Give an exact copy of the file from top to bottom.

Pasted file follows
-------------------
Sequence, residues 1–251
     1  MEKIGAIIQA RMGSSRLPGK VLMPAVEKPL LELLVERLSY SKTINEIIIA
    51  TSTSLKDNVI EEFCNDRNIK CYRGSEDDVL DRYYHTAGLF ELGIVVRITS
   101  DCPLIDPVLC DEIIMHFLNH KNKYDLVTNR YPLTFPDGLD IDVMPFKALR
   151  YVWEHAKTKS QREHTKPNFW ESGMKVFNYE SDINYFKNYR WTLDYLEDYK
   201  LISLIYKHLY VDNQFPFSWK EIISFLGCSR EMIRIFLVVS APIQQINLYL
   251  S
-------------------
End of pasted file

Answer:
Sequence, residues 1–251
     1  MEKIGAIIQA RMGSSRLPGK VLMPAVEKPL LELLVERLSY SKTINEIIIA
    51  TSTSLKDNVI EEFCNDRNIK CYRGSEDDVL DRYYHTAGLF ELGIVVRITS
   101  DCPLIDPVLC DEIIMHFLNH KNKYDLVTNR YPLTFPDGLD IDVMPFKALR
   151  YVWEHAKTKS QREHTKPNFW ESGMKVFNYE SDINYFKNYR WTLDYLEDYK
   201  LISLIYKHLY VDNQFPFSWK EIISFLGCSR EMIRIFLVVS APIQQINLYL
   251  S